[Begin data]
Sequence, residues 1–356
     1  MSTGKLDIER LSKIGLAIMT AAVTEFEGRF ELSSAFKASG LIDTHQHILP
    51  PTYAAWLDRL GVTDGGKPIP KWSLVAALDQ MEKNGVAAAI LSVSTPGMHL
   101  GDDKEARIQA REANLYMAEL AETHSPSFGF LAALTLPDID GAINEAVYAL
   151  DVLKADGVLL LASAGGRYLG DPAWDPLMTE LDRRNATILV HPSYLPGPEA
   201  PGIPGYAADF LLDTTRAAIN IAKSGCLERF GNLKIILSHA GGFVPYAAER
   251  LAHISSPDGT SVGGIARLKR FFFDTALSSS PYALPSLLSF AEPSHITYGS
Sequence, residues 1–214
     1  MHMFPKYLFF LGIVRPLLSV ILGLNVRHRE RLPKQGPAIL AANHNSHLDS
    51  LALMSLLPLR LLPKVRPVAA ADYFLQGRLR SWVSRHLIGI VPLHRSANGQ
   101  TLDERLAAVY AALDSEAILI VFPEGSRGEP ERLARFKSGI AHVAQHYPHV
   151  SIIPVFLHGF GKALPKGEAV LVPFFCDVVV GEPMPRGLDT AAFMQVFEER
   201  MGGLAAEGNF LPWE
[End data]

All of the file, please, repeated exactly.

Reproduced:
Sequence, residues 1–356
     1  MSTGKLDIER LSKIGLAIMT AAVTEFEGRF ELSSAFKASG LIDTHQHILP
    51  PTYAAWLDRL GVTDGGKPIP KWSLVAALDQ MEKNGVAAAI LSVSTPGMHL
   101  GDDKEARIQA REANLYMAEL AETHSPSFGF LAALTLPDID GAINEAVYAL
   151  DVLKADGVLL LASAGGRYLG DPAWDPLMTE LDRRNATILV HPSYLPGPEA
   201  PGIPGYAADF LLDTTRAAIN IAKSGCLERF GNLKIILSHA GGFVPYAAER
   251  LAHISSPDGT SVGGIARLKR FFFDTALSSS PYALPSLLSF AEPSHITYGS
Sequence, residues 1–214
     1  MHMFPKYLFF LGIVRPLLSV ILGLNVRHRE RLPKQGPAIL AANHNSHLDS
    51  LALMSLLPLR LLPKVRPVAA ADYFLQGRLR SWVSRHLIGI VPLHRSANGQ
   101  TLDERLAAVY AALDSEAILI VFPEGSRGEP ERLARFKSGI AHVAQHYPHV
   151  SIIPVFLHGF GKALPKGEAV LVPFFCDVVV GEPMPRGLDT AAFMQVFEER
   201  MGGLAAEGNF LPWE